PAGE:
Dennis Wingo makes a curious statement in a comment to my April Fools post.
Space tourism is a wealth depleter, not a wealth maker.
Is there something unique about space tourism that makes it a “wealth depleter,” or is it true of tourism in general? If so, I suspect that the region around Orlando, Florida would find it a surprising statement. As would Hawaii, or much of the Caribbean. Or France.
I’ve had this argument before, once on the NASP program, with a second lieutenant who didn’t believe that something had value unless you could drop it on your toe (in defiance of the market, in which people part with their money every day for non-material items).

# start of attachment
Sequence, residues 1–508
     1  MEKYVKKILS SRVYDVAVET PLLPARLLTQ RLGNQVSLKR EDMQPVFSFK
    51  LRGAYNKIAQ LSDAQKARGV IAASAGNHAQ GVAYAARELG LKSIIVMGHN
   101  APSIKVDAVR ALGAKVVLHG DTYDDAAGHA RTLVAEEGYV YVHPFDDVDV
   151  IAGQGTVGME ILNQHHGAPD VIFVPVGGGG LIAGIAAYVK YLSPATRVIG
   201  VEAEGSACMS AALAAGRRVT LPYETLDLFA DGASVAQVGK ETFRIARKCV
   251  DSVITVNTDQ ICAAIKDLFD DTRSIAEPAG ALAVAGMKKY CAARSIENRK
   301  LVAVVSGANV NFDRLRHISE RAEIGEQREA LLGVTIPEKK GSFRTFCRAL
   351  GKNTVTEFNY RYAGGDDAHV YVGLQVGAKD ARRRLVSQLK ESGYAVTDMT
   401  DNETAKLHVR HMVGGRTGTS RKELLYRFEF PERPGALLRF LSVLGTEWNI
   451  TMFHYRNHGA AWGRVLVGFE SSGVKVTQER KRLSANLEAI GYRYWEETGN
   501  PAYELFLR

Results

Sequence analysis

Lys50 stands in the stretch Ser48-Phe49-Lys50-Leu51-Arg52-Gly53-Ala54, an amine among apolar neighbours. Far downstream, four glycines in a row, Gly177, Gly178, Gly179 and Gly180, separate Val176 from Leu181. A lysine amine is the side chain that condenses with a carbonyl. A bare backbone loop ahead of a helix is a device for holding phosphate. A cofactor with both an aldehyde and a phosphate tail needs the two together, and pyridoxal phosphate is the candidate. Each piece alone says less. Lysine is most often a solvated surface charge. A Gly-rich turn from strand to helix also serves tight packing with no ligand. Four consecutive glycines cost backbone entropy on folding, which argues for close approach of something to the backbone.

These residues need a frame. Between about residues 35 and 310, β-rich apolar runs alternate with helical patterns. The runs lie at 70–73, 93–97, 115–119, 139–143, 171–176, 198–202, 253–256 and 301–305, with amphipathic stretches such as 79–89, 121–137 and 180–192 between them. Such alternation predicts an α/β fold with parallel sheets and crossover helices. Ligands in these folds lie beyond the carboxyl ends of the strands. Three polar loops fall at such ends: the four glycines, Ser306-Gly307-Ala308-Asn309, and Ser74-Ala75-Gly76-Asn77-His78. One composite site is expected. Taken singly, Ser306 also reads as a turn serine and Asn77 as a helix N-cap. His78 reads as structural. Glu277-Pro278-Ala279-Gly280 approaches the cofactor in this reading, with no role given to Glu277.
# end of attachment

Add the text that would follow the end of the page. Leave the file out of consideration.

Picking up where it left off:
I often complain about politicians who are focused on creating jobs, rather than creating wealth, which is why we have a very expensive, and not very productive space program. But what is wealth? I don’t know what Dennis means by his statement, but I’m quite confident that he’s very, very wrong. Which society is wealthier–one in which no one travels anywhere, or one in which many do?
There is value in tourism–if there weren’t, people wouldn’t pay money for it (and travel and tourism are among the top three industries on the planet, measured in the trillions of dollars). A world in which people can afford to go into space, and indulge themselves in their desires to do so, is a world that is wealthier than a world in which they cannot. Moreover, the space passenger market is just the kind of market needed to drive launch costs down, and reliability up, which is a necessary condition for many other space activities that Dennis presumably would consider “creating,” rather than “depleting” wealth.
Truly, I find this statement utterly baffling.